Astronomers have found at least 45 planets orbiting distant stars that possess Earth-like qualities including a similar atmosphere and life sustaining liquid water.
Experts from Luleå University of Technology, Sweden, created a new way to determine the habitability of these distant worlds by studying their atmosphere.
The team found a way to use information on 'atmospheric species', that is chemicals in the atmosphere, and how fast they escape into space to determine how close an exoplanet is in terms of temperature and composition to the Earth.
They then used their new model on the 55 potentially habitable worlds listed in the existing exoplanet catalogue - which focuses on habitable zone and the host star.
Only 17 of the 55 planets in the catalogue met the criteria defined by the Swedish researchers for being 'Earth-like' but the team found another 28 planets on the wider exoplanet list that also met the criteria - bringing the total of Earth-like worlds to 45.
The TRAPPIST-1 system contains one planet on the new list of 45 potentially Earth-like worlds - in this system it is known as TRAPPIST-1 d - the fourth from the star
This graphic shows the list of all potentially Earth-like worlds as determined by the Swedish team. The planets in blue were already on the Exoplanet Catalogue list of habitable worlds
Advanced ground and space based missions including the current CHEOPS and future James Webb telescope can now use this research to focus their searches.
Detecting habitable exoplanets is a difficult challenge as we can't just 'send a probe' the vast distances between stars, the team explained.
The nearest exoplanet with a potentially habitable atmosphere is Proxima b around the star Proxima Centauri 4.22 light-years - or 25 trillion miles away.
NASA's Juno probe reached speeds of 165,000 miles per hour as it approached Jupiter - at those speeds it would take 17,157 years to reach Proxima b.
This is an artists impression of Kepler-1649 c orbiting its host star. It is a planet on the list of potential Earth-like worlds that wasn't already in the exoplanet catalogue habitability list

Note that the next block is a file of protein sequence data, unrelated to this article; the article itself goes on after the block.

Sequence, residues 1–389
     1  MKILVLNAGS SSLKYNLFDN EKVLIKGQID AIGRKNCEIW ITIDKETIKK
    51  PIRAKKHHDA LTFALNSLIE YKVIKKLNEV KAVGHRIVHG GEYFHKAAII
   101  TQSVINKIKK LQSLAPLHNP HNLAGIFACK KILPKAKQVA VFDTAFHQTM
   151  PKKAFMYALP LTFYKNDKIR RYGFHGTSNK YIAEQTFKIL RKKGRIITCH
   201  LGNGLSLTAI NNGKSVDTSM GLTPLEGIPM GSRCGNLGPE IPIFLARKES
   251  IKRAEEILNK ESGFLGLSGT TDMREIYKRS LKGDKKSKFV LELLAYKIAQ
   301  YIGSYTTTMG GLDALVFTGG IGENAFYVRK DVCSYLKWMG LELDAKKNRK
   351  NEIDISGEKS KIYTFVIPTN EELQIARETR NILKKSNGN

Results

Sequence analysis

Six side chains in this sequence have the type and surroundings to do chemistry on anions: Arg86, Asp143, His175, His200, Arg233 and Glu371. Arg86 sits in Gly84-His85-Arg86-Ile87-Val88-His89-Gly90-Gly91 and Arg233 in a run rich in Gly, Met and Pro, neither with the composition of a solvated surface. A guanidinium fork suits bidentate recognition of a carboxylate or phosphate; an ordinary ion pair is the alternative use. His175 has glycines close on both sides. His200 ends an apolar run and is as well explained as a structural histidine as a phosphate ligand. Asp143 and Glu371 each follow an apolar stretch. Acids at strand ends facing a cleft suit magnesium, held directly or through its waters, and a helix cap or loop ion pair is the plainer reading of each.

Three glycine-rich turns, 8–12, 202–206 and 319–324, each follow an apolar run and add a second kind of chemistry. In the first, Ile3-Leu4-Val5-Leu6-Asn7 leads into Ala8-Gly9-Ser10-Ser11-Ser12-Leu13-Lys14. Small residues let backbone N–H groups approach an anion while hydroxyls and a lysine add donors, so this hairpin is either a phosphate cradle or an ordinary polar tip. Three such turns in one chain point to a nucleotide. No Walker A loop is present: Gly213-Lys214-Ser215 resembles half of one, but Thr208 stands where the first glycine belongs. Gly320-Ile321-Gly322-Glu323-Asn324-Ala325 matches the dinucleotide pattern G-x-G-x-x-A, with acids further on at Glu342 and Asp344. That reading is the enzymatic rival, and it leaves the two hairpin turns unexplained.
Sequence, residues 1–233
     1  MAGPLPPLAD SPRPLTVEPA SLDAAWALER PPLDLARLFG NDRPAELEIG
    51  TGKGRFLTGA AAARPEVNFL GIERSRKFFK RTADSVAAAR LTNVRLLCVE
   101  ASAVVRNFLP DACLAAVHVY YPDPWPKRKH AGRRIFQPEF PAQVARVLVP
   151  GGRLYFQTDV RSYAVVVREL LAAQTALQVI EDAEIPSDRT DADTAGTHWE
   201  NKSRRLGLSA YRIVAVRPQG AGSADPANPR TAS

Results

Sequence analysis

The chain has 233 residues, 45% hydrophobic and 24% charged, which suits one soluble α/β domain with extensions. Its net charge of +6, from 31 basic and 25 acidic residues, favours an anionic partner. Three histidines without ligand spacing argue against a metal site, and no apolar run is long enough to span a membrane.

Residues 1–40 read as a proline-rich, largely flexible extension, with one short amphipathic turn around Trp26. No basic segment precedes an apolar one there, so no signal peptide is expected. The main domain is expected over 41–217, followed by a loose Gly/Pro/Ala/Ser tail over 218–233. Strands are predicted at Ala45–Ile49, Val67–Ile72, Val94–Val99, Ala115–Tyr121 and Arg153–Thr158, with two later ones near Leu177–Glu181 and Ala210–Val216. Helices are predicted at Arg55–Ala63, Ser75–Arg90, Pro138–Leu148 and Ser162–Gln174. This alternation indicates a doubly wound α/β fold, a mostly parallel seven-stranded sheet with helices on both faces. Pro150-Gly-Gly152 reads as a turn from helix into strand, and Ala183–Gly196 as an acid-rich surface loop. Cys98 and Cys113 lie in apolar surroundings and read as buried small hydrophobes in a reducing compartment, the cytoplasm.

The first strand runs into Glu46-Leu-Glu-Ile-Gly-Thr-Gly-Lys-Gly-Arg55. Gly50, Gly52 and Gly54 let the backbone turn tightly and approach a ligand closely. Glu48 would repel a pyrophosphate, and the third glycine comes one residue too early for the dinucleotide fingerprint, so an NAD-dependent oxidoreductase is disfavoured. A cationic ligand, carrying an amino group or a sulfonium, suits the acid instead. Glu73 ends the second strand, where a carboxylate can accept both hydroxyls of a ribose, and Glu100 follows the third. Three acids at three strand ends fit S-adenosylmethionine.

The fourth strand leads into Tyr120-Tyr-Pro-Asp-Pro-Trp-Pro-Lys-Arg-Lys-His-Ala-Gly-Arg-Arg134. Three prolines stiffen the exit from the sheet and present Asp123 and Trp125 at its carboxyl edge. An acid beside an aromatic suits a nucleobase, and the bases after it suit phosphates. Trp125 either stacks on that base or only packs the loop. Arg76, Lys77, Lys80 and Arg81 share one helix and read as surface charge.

Currently, determining an exoplanet's capability to host life relies on the restricted low-resolution spatial and spectral information of their atmospheres.
To create a 'short list' of habitable worlds, the team used the 'kinetic theory of gases' - how the gases move about the atmosphere - and a list of possible chemical retained in the atmospheres of currently known exoplanets.
'We conclude that, based on our current knowledge of the detected exoplanets, 45 of them are good candidates for habitability studies,' the authors wrote.
'These exoplanets could have Earth-like atmospheres and should be able to maintain stable liquid water.'
As part of the study the team used the atmosphere of planets in our own solar system - where we know the true makeup - as a base of reference.
They then listed the exoplanets with hydrogen, oxygen, dinitrogen and carbon dioxide atmospheres in their list of Earth-like candidates.
'We also propose a conservative list of 45 exoplanets with favourable conditions such as temperature and ability to retain the essential life-related gases in their atmospheres for further habitability studies,' the team wrote.
The team also recommend that the current definition of a habitable zone around a star should be revisited when considering whether a